The Australian government has proposed using facial recognition scans to verify the age of internet users seeking to access pornography.
Under the proposals, the faces of computer users would be matched to government-held images from official identity documents.
But the plans are unlikely to go far for now. Parliament first needs to approve a central database holding the matching biometric data. Concerns over privacy safeguards have so far blocked the relevant legislation.
The facial recognition proposals in Australia come after the UK dropped its plans earlier this month to require age-verification for online pornography, with the government citing technical gaps.
The plans in Australia are part of a move by the Department of Home Affairs to use its face verification service and document verification service across various public services and sectors of the economy too.
But the drive to gather vast amounts of personal data has raised concerns among privacy campaigners and human rights organisations.
Green Senator Nick McKim told The Telegraph the latest “bizarre proposal” for pornography would constitute “a gross breach of privacy” and “continue Australia’s slide into becoming a surveillance state”.
“We remain the only liberal democracy in the world that does not have a charter or bill of rights, and until we have one this government will take every chance it can to erode fundamental rights and freedoms,” he said.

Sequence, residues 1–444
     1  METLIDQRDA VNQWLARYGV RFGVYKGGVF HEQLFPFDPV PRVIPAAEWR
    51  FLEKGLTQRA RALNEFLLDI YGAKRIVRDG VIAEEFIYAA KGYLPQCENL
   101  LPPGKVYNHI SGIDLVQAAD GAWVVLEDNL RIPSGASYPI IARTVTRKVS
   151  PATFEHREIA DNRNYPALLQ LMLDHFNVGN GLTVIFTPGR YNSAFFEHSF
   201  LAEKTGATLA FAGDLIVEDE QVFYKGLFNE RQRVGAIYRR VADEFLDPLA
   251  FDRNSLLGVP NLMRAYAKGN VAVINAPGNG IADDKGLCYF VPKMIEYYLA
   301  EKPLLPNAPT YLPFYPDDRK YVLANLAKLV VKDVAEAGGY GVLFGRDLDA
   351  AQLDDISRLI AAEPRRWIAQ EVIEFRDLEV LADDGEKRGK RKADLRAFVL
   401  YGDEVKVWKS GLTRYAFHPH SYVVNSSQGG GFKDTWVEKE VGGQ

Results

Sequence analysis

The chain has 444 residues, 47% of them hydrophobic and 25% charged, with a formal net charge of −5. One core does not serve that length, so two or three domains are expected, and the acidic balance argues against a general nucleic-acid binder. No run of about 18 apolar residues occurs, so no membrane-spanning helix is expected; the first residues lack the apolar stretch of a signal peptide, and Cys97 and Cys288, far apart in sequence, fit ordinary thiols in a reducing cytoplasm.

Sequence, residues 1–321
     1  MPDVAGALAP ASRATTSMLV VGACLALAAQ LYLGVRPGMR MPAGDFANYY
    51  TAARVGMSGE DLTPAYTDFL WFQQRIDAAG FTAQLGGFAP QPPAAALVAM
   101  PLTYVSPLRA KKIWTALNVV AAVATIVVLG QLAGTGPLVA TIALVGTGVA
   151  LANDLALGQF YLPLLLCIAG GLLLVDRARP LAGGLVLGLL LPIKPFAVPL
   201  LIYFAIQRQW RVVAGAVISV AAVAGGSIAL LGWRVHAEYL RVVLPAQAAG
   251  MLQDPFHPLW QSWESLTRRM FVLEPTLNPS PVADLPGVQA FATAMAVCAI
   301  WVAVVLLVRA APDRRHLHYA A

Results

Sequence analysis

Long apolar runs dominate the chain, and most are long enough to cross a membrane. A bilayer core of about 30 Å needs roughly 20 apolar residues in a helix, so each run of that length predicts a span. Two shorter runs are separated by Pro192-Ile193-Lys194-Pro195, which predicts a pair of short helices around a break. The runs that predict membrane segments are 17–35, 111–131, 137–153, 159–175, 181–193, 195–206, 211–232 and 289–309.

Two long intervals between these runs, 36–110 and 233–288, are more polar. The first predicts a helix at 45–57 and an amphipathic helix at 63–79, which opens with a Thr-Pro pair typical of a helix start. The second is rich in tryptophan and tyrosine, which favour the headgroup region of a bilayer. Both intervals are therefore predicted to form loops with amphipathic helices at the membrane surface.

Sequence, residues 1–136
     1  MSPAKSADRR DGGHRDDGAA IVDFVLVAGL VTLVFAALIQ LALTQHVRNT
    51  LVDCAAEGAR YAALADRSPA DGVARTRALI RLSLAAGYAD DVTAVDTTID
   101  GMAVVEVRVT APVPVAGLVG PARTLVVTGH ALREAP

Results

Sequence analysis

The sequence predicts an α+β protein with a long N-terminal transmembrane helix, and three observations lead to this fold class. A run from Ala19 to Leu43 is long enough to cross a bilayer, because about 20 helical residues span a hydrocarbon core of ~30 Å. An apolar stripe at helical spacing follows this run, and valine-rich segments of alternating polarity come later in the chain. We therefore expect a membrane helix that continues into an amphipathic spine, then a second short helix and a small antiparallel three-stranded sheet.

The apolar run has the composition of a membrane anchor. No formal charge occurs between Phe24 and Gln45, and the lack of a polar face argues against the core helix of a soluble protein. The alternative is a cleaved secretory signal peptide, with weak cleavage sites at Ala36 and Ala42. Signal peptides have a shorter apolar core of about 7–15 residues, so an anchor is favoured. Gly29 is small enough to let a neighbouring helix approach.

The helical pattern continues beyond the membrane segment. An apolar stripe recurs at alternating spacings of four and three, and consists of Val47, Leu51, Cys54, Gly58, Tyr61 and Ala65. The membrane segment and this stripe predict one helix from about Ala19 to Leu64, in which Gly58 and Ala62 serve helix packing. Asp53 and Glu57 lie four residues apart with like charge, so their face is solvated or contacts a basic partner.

Stilgherrian, a veteran cyber-security journalist and privacy expert, who goes by one name, told The Telegraph the proposal could see the government “have a list of every porn site you have chosen to visit”.
“The Joint Committee on Intelligence and Security said ‘no, the privacy controls are not good enough’ yet (Home Affairs Minister) Dutton wants to push ahead. They are brainstorming on what they can do with facial recognition technology without thinking about the downsides,” he said.
The Australian proposal comes as authorities in many cities across the United States are debating the use of facial recognition systems in surveillance by police departments. Earlier this year San Francisco became the first major US city to ban the technology.
Last month, a British court ruled that police use of facial recognition systems does not violate privacy and human rights.
While Boris Johnson’s Government has dropped its “porn block” plan, earlier this month the Parliamentary Under-Secretary of State for Digital, Culture, Media and Sport, Matt Warman, said the British government could use facial recognition to verify age to access pornographic material "so long as there is an appropriate concern for privacy".
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